Research

long read pipeline

Accelerating Long-Read Genome Sequencing

Advisors: Satish Narayanasamy
Sep 2019 - Present

My lab at the University of Michigan focuses on cutting-edge hardware acceleration, but they have recently shifted into the field of bioinformatics and genome sequencing, an area which I'm thrilled to be working in! Hopefully I'll have some more updates to share with everyone in a year or two, in the form of conference publications!

Image from https://dzhk.de/en/news/latest-news/article/genome-studies-point-to-common-disease-mechanisms-in-cardiovascular-and-other-diseases/
qemu-xen-openxt image

Hypervisor vTPM Integration

Advisors: Paul Mogren and Rich Turner
May - Aug 2019

During my internship at Assured Information Security (AIS) I worked with Danika Gaviola and Jason Rising on integrating a virtual Trusted Platform Module (vTPM) into OpenXT in order to provide virtual machines (VMs) the same security guarantees as a physical TPM would provide. A TPM is a secure cryptoprocessor most frequently used to verify machine state at each stage of the boot process. OpenXT is a security-enhanced fork of Xen which uses QEMU internally for peripheral device emulation. In addition to successfully providing TPM 2.0 for Linux VMs in OpenXT, we modified the Xen Project so that it could use TPM 2.0 and provide TPMs to Windows virtual machines.

Using ConvNets for Robust Swipe Pressure Detection

Advisors: Sean and Natasha Banerjee
Sep - Dec 2018

This research constitutes my Clarkson Honors Thesis, which extends my previous work on using thermal cameras to reliably detect swipe pressure. I explored using convolutional neural networks to perform action classification, and found that the best results were obtained by training ConvNets on video frames with the user's hand removed, using filtering techniques designed previously.

Honors Thesis: T. Dunn, “Detection of Swipe Pressure using a Thermal Camera and ConvNets for Natural Surface Interaction”, Clarkson University Honors Program. Potsdam, New York, 2018.

Parallel Semidefinite Optimization

Advisor: Daniel Thuerck
May - Aug 2018

During my internship at TU Darmstadt I worked on extending an existing solver for linear optimization programs to perform semidefinite optimization. The most challenging obstacle I overcame involved computing the product of multiple large sparse matrices without storing any intermediate results. Each element in the resulting matrix could be computed individually due to certain matrix properties, and the process is shown in the image above.

User-Independent Detection of Swipe Pressure Using Thermal Cameras

Advisors: Sean and Natasha Banerjee
Jan - May 2018

The goal of this research was to improve the capabilities of current augmented reality systems and projective touchscreens by detecting the pressure at which a user interacts with objects using a thermal camera. The main challenge in developing such a classifier was in removing the user's hand from the thermal video, which required utilizing a series of morphological filters as demonstrated above.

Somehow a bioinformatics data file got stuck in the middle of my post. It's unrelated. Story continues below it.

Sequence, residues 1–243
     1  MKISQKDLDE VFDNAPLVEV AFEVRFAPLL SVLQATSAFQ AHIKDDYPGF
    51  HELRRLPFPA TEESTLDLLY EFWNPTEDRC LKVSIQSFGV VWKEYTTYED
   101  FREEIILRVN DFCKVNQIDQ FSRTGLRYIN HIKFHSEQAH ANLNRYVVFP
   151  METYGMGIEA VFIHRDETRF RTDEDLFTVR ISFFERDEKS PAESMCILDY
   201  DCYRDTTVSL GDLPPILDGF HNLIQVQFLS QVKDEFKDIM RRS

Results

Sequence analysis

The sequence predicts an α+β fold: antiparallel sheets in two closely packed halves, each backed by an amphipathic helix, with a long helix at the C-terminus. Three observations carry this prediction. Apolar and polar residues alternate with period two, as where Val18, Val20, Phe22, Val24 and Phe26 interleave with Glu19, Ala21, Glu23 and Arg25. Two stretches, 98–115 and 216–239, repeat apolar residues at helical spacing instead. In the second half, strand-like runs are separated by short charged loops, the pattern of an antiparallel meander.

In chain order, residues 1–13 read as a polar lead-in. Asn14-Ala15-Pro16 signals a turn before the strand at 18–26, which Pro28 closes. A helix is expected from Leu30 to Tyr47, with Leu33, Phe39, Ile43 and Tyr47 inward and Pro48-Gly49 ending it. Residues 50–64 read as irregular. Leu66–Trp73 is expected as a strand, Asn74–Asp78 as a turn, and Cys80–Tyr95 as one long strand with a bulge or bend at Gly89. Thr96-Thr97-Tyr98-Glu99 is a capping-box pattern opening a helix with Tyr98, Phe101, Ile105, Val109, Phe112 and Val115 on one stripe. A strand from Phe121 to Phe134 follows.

Paper: T. Dunn, S. Banerjee, N. Banerjee, “User-Independent Detection of Swipe Pressure using a Thermal Camera for Natural Surface Interaction”, IEEE 20th International Workshop on Multimedia and Signal Processing (MMSP 2018), Vancouver, Canada, 2018.

Awards: Top 5% Paper, MMSP 2018

Ptychographic Image Reconstruction

Advisor: Christine Sweeney
May - Aug 2017

During my internship at Los Alamos National Laboratory I worked with an interdisciplinary team of scientists to enable their ptychographic image reconstruction algorithms to run on CPUs in addition to Los Alamos' GPU cluster. Afterwards, I greatly improved the software's ease of use and automated the installation and building processes. Lastly, I worked on implementing a parallel beam position refinement algorithm to improve image reconstruction accuracy.

Image from http://compphotolab.northwestern.edu/project/adp-automatic-differentiation-ptychography/

Optimization of MATLAB PointCloud Generation

Advisors: Sean and Natasha Banerjee
Jan - May 2017

While working with the TARS research group at Clarkson, I improved the algorithms for generating a single PointCloud from our multi-Kinect system. By the end of the semester, I had decreased the total runtime required to generate a single PointCloud from 7.33 seconds to 0.178 seconds.

Using GPUs to Mine Large-Scale Software Problem Repositories

Adviser: Sean Banerjee
May - July 2016

This project involved accelerating the detection of duplicate problem reports in large software problem report repositories. I implemented several basic parallel algorithms in CUDA C++ which could more quickly compare reports from massive repositories such as Bugzilla.

Paper: T. Dunn, N. Banerjee, S. Banerjee, “GPU Acceleration of Document Similarity Measures for Automated Bug Triaging”, 1st International Workshop on Software Faults (IWSF 2016), Ottawa, Canada, 2016.

Awards: Best Poster Presentation in EE & CS, Clarkson University Symposium on Undergraduate Research Experiences